A very good question, and one I’ve pondered on quite a bit. Nobody has to take my word for it that there is a very real threat to SMEs. There are some very credible, as well as some perhaps not quite so credible, sources which can easily be found on the web. One such that I was reading recently estimates that cyber-attacks have increased fivefold during the last 12 months and it’s still rising. Why would that be? One of the issues was moving from office to remote working during the pandemic, and using cloud-based systems and technologies without adequate preparation i.e., done in a bit of panic. OK, that’s understandable, everyone had to keep their business running. But now that office working is once again possible, many companies have found that they quite like the reduced costs in home or remote working and have embraced a sort of hybrid system, where staff work from home some of the time. This has enabled companies to reduce costs whilst still having a decent governance over staff. The problem comes when these companies haven’t fixed the problems they created by moving to remote working without taking the proper precautions.
Last year, statistics revealed around 60-70% of UK SMEs suffered a cyber-attack, and amongst those, only 11% had cyber cover. While we are beginning to slowly see a rise in the number of businesses seeking insurance cover after becoming more aware of the risks of cyber-attacks since the pandemic, we still have a long way to go. Now, cyber insurance is another very thorny issue which really deserves a blog of its own. However, briefly let’s say that there are many clauses in most, if not all, policies that will require named precautions to have been taken, before any pay out can be considered, and those pay outs are not common, shall we say.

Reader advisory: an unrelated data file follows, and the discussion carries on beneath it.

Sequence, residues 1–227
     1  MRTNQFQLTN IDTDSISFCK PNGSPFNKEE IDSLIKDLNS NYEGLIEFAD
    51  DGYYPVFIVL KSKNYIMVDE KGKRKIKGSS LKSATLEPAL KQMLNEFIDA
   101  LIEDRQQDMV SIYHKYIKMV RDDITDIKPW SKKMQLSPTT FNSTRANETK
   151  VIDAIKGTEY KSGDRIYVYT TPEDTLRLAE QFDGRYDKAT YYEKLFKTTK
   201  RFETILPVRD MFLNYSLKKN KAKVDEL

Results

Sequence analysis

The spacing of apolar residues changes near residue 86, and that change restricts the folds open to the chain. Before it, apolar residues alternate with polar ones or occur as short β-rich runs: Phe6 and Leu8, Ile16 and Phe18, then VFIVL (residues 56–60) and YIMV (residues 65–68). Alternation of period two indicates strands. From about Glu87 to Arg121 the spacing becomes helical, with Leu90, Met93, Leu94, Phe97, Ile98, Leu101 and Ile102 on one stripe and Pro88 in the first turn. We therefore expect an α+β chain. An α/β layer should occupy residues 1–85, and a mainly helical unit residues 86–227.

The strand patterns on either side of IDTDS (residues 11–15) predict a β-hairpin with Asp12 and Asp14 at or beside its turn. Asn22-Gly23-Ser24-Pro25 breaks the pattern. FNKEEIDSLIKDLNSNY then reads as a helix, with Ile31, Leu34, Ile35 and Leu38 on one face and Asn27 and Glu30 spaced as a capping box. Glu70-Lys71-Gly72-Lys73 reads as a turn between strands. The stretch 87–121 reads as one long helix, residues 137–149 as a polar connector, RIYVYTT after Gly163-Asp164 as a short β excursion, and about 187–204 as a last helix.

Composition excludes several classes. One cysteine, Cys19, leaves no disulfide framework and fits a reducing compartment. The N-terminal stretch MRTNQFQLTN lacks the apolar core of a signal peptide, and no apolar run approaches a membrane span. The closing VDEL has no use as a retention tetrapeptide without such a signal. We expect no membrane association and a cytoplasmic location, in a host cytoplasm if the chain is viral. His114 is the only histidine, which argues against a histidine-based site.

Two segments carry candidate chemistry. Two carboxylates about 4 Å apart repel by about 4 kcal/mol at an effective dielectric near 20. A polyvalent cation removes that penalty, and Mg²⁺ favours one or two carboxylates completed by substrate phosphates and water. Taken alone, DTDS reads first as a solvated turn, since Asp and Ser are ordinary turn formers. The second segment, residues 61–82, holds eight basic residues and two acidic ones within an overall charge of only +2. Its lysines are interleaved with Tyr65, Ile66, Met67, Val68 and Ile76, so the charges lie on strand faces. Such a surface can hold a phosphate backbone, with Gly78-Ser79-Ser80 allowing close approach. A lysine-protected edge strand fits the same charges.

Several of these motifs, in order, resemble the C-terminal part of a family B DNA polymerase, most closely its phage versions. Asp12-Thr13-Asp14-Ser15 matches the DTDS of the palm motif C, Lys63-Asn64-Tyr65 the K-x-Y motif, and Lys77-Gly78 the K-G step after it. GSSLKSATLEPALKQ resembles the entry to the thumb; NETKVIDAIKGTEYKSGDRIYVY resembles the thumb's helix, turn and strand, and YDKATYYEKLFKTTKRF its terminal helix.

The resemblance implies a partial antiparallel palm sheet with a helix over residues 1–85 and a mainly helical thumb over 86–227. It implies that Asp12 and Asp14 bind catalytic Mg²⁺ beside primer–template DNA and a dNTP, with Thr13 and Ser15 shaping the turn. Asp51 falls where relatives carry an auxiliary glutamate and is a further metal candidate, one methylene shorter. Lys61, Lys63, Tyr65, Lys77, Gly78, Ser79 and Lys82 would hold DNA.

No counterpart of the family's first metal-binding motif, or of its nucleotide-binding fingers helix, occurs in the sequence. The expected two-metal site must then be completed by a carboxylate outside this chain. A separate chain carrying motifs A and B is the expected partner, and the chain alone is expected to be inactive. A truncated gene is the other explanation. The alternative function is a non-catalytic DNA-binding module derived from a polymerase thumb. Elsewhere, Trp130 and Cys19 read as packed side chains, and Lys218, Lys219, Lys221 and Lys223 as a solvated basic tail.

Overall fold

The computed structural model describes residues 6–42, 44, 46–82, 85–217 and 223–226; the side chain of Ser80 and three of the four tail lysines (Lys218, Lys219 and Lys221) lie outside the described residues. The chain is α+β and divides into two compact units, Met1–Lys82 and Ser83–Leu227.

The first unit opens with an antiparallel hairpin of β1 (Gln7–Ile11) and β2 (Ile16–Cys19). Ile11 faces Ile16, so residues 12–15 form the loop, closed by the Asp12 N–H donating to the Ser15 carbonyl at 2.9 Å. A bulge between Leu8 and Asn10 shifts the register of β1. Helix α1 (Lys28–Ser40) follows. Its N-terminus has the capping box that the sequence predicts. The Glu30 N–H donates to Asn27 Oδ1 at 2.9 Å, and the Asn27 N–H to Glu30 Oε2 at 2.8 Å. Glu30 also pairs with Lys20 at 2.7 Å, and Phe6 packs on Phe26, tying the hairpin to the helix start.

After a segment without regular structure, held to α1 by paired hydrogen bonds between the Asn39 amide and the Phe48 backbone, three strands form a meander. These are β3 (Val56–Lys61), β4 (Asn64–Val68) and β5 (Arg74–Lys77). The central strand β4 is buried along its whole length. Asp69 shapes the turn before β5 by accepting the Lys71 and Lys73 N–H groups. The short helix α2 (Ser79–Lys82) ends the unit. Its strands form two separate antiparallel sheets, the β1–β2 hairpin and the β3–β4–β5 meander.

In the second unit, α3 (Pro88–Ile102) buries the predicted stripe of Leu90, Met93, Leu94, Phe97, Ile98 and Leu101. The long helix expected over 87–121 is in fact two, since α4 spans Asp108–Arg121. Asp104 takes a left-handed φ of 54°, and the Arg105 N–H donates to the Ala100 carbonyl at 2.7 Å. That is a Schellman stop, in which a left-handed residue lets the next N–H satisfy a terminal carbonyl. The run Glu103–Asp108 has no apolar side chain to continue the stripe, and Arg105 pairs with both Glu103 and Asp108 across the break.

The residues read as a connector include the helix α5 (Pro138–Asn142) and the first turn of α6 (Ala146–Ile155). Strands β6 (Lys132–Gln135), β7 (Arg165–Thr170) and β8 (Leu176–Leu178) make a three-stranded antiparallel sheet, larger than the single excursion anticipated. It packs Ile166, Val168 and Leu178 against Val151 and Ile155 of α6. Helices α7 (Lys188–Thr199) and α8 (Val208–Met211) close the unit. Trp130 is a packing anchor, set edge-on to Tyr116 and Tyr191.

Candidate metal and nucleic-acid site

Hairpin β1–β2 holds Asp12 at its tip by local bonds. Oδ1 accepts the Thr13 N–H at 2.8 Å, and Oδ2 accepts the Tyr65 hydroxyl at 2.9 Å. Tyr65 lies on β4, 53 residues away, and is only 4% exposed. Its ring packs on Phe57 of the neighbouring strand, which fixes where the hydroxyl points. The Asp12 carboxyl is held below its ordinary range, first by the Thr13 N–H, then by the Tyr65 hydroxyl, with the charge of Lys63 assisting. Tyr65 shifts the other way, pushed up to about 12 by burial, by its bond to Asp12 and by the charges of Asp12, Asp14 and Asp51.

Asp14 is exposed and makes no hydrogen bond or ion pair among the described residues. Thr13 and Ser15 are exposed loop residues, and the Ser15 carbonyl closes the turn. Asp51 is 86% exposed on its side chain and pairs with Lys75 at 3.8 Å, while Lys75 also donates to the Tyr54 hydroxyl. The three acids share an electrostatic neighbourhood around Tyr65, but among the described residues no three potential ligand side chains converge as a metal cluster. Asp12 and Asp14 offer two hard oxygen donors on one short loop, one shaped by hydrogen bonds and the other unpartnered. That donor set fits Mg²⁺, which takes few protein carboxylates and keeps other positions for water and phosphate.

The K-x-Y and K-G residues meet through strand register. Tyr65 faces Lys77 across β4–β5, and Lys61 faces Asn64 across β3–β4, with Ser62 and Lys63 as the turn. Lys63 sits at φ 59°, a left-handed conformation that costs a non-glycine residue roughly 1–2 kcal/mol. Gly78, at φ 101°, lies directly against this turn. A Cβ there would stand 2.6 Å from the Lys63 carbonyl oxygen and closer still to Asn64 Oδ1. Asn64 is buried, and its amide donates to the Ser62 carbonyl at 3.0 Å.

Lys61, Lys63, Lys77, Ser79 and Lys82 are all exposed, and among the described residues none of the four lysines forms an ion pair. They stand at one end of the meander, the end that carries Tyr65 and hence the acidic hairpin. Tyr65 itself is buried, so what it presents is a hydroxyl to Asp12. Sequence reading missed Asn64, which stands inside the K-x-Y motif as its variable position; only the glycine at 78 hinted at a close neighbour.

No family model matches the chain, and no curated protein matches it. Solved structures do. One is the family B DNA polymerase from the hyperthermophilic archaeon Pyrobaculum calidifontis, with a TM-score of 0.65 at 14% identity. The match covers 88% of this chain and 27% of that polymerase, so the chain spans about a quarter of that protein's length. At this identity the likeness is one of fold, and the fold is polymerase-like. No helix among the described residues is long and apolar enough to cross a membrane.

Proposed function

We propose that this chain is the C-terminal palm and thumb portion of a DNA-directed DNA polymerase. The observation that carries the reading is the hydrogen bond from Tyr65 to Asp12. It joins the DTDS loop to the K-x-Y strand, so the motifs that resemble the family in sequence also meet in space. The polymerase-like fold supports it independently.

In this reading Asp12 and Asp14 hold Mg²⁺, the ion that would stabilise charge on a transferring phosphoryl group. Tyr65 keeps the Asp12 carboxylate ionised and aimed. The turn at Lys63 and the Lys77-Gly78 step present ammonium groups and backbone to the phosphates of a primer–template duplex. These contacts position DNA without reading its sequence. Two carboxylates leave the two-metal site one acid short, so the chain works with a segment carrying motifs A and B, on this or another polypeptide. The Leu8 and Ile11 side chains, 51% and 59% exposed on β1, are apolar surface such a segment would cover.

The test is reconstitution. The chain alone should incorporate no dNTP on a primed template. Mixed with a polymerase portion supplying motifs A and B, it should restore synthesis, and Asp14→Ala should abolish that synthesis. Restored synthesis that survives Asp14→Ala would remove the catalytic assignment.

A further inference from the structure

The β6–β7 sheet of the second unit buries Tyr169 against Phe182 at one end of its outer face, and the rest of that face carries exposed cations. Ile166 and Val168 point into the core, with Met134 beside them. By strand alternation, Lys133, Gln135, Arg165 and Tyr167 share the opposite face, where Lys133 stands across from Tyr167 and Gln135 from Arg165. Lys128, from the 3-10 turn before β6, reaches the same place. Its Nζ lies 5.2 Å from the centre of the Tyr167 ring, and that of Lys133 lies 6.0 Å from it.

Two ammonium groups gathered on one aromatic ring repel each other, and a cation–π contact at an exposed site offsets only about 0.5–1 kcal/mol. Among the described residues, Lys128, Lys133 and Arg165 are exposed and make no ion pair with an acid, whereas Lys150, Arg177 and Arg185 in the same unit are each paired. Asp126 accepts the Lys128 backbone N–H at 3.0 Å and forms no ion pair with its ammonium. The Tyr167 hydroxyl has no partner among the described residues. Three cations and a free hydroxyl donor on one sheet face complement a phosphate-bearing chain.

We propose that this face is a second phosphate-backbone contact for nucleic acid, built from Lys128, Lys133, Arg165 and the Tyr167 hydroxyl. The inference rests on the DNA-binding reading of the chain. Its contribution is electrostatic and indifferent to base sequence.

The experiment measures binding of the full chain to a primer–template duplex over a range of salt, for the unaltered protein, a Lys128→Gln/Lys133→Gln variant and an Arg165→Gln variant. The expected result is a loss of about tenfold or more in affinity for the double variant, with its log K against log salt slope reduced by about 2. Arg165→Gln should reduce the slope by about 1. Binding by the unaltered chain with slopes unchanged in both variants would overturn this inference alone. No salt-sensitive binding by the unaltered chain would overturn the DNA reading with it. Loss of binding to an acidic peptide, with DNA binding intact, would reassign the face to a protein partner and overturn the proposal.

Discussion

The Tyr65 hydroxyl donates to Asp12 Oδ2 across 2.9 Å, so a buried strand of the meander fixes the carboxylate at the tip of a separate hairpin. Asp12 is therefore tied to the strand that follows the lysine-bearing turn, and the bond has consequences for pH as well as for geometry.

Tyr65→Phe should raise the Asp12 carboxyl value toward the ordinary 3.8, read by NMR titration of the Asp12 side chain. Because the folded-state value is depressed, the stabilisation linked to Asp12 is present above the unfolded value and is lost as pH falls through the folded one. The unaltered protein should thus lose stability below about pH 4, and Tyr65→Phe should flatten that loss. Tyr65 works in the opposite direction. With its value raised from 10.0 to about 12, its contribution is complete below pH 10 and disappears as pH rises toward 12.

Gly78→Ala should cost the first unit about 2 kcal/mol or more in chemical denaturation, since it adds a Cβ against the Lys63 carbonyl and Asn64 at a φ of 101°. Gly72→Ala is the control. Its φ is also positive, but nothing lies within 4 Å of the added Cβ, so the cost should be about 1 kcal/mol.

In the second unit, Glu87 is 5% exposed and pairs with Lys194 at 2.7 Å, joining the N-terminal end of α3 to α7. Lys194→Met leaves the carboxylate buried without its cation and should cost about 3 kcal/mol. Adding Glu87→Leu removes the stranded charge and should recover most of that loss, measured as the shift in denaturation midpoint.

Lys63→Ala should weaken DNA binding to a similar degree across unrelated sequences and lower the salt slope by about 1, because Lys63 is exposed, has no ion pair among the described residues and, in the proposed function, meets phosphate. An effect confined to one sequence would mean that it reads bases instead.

In some ways, smaller businesses are more vulnerable to cybercrime, because unlike bigger firms, they are less likely to have teams of IT specialists in place to prevent or respond to a data breach, or the resources to invest heavily in cyber security. According to another source, over one million UK businesses were hit by cyber-attacks in 2018, with an average cost of £6,400, putting many small businesses at risk of closing should the same happen to them.
So, let’s return to the subject of Cyber Awareness. This is a favourite hobby horse of ours, particularly as it affects non-technical staff where it is vitally important for both managers and employees to make them aware of what they could be facing. If you don’t know what threats exist, them how can you look out for the signs, and how can you effectively target your security spend. Likewise, staff have to know what to look out for, how attacks are formulated and how they are carried out. A good motivator for staff is that, to put it bluntly, their jobs are on the line if the business is hit badly and loses money. Most SMEs are running businesses where cash flow is king and they simply can’t afford the kind of hits that are being experienced almost daily now.
It cannot be stressed enough that whilst your staff are your greatest asset, they can also be the biggest threat in regard to cyber security. The majority of data leaks are caused not be personnel doing anything deliberately wrong, but by doing things they didn’t know they shouldn’t.
Here at H2 we have recognised that this is a very real problem. We also understand that many businesses simply can’t afford to have staff away from their desks to attend formal training, and that such training can be costly. So, we have developed an e-learning course, which is modular, and can be taken by staff all at once, or in chunks to suite the staff and company. It is perfect as part of an induction or as a refresher. At £35 + VAT per person, with reductions for block bookings, it is extremely cost effective and the payoff could be considerable. It only takes one member of staff to recognise and block a scam or attack, and the company has made its money back.